12 in the first line, under the heading "Brigade Commander and Command," on
13 the first line, I shall read, "Protection Platoon." What is the MP
14 Platoon, what does it stand for? Witness, is that still the military
16 THE WITNESS: [Interpretation] Your Honour Mindua, this a
17 formation designed much earlier, so that if you have a military police
18 platoon, you don't need a protective platoon. This was a structure that
19 was set up at I don't know what level, and, as such, there is no need to
20 have a protective platoon, because the need to protect the command will
21 be done by the military police. So this was a structure from the very
22 beginning. It was later revised, and many of these things were also
23 revised later on. And what is shown with dotted lines, that was subject
24 to changes; for instance, battalions and independent companies. And this
25 depended on the possibilities regarding manpower in a particular
1 municipality, whether they were sufficient or not.
2 JUDGE MINDUA: Thank you very much.
3 THE ACCUSED CORIC: [Interpretation] I do have a request, if you
4 could ask the witness a question.
5 Since he is denying all the diagrams that are being shown, and in
6 the last year we have seen some prepared here in The Hague, could you ask
7 him whether he had an organigram of the Main Staff of the HVO of which he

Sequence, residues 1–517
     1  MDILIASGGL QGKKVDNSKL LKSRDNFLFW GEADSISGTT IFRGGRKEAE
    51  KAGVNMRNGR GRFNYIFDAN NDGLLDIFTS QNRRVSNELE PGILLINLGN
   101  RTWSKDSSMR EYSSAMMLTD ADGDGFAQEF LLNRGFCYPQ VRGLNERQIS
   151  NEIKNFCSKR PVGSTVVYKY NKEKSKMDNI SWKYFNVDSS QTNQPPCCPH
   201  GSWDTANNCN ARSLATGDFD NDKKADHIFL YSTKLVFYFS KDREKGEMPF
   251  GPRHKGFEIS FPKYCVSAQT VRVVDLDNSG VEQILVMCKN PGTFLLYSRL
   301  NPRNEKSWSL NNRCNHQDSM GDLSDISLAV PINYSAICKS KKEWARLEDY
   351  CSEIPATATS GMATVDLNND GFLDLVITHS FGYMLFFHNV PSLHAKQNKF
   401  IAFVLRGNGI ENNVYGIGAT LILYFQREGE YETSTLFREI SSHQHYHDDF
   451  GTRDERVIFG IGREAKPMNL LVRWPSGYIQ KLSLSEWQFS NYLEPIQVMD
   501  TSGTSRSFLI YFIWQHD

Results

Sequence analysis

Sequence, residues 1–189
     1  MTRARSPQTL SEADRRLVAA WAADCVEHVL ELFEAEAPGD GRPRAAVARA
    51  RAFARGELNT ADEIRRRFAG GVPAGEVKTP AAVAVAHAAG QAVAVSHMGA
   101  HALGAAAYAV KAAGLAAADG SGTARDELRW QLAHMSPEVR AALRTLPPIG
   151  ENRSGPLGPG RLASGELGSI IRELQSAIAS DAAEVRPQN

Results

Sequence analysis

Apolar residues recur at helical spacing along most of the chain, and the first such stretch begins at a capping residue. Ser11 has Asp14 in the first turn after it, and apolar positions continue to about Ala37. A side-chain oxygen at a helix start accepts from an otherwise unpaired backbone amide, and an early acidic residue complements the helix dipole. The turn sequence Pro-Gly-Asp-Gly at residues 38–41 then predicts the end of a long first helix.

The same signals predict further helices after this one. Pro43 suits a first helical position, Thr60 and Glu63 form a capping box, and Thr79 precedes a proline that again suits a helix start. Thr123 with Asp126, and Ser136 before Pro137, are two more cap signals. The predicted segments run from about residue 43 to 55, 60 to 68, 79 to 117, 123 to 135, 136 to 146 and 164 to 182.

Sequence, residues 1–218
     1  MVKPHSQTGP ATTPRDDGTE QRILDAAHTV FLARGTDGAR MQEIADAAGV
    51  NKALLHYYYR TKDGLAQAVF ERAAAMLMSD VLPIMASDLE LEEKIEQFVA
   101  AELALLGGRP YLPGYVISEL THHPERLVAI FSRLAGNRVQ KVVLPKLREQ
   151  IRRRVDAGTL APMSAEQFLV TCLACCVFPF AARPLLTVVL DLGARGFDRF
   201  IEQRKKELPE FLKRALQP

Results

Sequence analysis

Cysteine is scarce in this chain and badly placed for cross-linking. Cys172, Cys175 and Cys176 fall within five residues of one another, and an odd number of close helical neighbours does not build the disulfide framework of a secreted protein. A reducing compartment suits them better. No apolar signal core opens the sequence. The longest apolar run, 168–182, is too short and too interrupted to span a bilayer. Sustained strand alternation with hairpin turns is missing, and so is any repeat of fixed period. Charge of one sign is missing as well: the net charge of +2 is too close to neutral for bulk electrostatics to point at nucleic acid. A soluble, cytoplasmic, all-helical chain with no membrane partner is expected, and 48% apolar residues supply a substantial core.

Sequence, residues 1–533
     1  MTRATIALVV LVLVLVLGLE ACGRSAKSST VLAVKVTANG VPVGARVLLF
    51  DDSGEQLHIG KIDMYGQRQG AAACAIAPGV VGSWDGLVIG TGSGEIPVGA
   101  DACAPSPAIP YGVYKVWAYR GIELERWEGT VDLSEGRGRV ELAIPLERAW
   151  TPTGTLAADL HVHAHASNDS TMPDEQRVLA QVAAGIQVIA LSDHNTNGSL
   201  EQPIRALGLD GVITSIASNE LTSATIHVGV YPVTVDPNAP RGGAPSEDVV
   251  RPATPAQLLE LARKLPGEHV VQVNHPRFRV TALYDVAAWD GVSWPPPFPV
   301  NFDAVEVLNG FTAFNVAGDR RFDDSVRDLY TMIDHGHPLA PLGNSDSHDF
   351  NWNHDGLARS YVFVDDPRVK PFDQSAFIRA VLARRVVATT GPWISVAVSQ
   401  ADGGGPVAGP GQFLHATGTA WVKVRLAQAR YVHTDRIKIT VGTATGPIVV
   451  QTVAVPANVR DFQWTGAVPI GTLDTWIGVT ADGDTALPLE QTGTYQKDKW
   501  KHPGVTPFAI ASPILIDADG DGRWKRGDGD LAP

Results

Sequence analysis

8 was the head? And if he did, let us see the position of the military
9 police in the brigade.
10 And an additional request: Why was this not called the NATO
11 military police rather than the brigade military police? And I was a
12 person who studied these matters at some length. Perhaps it would be
13 better to call it the NATO military police rather than the brigade
14 military police. Thank you.
15 JUDGE ANTONETTI: [Interpretation] General Petkovic, due to the
16 procedure, clearly, Mr. Coric could not ask this question later. He
17 could ask another witness. But you were at the head of the HVO, and as
18 he has already testified, he can't ask you any more questions. So I will
19 take up this question, and could you answer it, please?
20 THE WITNESS: [Interpretation] I can, Your Honours.
21 The Main Staff has its own structure which is prescribed, and, as
22 such, it was adopted in September 1992. It was amended at the end of
23 1993, when General Roso took over as commander, perhaps two months after
24 he took over. Up until then, it had an established structure. And we
25 even saw lists of names of people who held certain positions. Therefore,
1 the Main Staff did have its organisational structure and it had persons
2 performing duties. You had the Witness Jasak, who pointed out his
3 position on the diagram. A new change occurred at the end of 1993, when
4 General Roso, Minister Jukic, and others came over. The Main Staff was
5 reorganised, and the number of people in the Main Staff increased. So
6 the Main Staff, of course, does have its structure, which we have seen
8 JUDGE TRECHSEL: Mr. Petkovic, I did not find your answer to
9 Mr. -- to my brother Mindua's question very, very clear. He pointed out
10 that here we have an element, a protection platoon, and then there is
11 also a platoon of military police. Now, you seem to be saying that all
12 this is not really reliable, it changed over the course of time. That
13 may well be so. I will, of course, not dispute this. The question is
14 whether, then, it is convincing for the whole time that there is no place
15 for military police in the structure of the battalion and whether what is
16 here indicated by a platoon could not later on then be more important